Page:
The decline in new cases over the past few days is encouraging, but there is a growing obstacle in the way of our fight against the pandemic and it is our cohesion that is crumbling.
We are no longer in the same almost unanimous support for the government’s discourse and the resulting recommendations. The instructions, whatever the direction in which they evolve, will be applied with an increasingly variable zeal.
Skeptic versus zealous
Much has been said about conspiracy theorists, but there is still a growing share of citizens who, without believing that Bill Gates and 5G are behind the pandemic, are wondering if we are not doing too much and if the virus is really so. dangerous as that.
Conversely, there are people who find that not enough is being done to slow the virus and that the government is not sufficiently coercive in applying the rules. There is even a conspiratorial tendency among some zealous for the virus, people who accuse the government of hiding data on the severity of the contagion, even though it is doing everything to convince us that the situation is critical.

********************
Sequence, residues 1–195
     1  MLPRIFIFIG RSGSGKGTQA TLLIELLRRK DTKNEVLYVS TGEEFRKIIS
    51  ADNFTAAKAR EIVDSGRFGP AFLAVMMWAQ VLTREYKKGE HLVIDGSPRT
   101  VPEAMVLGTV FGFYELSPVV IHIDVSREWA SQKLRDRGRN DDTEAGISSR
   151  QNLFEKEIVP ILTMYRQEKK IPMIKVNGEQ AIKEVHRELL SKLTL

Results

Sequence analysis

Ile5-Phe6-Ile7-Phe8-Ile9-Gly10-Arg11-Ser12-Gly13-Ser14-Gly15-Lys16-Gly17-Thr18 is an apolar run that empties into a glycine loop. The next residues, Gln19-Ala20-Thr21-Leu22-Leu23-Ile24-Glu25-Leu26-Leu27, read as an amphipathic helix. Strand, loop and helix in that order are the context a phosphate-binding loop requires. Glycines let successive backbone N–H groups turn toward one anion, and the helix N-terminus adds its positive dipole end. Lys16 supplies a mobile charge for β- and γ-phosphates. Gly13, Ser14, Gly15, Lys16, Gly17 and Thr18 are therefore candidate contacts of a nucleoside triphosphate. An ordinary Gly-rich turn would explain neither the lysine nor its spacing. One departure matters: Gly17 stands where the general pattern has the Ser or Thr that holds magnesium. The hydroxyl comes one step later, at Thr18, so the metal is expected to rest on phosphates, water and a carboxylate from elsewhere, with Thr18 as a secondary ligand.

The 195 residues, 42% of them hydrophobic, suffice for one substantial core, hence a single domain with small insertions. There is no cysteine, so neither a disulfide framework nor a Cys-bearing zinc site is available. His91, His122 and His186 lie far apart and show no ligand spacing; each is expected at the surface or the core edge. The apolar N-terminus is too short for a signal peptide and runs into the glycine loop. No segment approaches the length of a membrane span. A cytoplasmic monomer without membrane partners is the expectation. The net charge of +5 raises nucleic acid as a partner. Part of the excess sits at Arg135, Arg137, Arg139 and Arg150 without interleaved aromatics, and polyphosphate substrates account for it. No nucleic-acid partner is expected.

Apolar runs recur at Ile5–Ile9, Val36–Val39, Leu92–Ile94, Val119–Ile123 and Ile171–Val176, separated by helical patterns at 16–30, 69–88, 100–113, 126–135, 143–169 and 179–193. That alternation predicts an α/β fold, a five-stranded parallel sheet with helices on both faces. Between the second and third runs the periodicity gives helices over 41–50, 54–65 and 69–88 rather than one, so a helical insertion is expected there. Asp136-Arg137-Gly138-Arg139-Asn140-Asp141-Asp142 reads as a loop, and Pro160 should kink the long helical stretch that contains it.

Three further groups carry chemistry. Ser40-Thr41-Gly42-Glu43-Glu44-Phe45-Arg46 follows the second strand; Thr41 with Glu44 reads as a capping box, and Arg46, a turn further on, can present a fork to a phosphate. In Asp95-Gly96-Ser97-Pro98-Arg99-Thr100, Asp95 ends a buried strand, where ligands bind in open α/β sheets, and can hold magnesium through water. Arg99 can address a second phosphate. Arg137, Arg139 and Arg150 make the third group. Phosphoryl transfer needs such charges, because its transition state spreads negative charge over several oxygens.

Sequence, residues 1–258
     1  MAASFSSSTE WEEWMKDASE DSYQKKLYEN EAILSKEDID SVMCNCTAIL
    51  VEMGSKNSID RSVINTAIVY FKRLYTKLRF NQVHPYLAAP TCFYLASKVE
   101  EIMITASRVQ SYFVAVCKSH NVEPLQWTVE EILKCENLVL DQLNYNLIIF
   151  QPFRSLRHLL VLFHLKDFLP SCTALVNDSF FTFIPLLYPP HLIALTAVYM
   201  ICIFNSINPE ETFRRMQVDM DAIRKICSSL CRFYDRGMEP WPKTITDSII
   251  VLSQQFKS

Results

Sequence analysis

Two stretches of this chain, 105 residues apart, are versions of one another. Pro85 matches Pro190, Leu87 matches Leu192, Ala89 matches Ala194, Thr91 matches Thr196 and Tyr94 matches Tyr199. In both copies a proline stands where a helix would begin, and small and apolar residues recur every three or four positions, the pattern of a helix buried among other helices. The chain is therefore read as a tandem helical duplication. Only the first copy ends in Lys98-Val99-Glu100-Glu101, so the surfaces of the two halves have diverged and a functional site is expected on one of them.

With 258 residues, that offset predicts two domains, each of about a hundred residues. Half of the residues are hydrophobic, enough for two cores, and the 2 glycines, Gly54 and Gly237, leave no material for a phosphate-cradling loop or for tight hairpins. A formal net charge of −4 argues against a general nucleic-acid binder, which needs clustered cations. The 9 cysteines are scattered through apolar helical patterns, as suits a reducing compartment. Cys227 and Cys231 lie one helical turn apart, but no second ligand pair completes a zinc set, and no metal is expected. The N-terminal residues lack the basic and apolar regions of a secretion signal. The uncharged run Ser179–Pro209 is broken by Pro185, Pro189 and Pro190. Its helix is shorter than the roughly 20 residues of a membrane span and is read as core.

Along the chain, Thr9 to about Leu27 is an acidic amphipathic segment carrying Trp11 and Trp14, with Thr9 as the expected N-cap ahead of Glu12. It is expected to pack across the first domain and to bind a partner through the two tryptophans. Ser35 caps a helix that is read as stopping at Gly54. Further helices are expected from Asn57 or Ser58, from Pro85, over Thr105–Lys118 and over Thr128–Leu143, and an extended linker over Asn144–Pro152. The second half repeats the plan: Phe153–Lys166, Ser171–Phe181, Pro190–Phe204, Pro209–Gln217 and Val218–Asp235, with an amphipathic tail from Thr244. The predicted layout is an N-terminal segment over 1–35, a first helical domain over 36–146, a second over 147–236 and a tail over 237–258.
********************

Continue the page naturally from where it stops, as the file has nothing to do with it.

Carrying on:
From there, the mechanism of confirmation bias is implemented. When the number of cases is low or in decline, the health activist will see proof of the validity of the measures, the coronasceptic will say that they are now unnecessary. When cases are on the rise, some are calling for stronger measures, others see it as proof that they are not working.
With the result that we advance in this second wave and in a possible third in rows destined to become more and more dispersed.
Through our 50 shades of doubts, there is the sign that the democratic debate has regained its rights. It’s good news. Except that it is through the loopholes created by the small shortcomings of each other that the virus intends to sneak.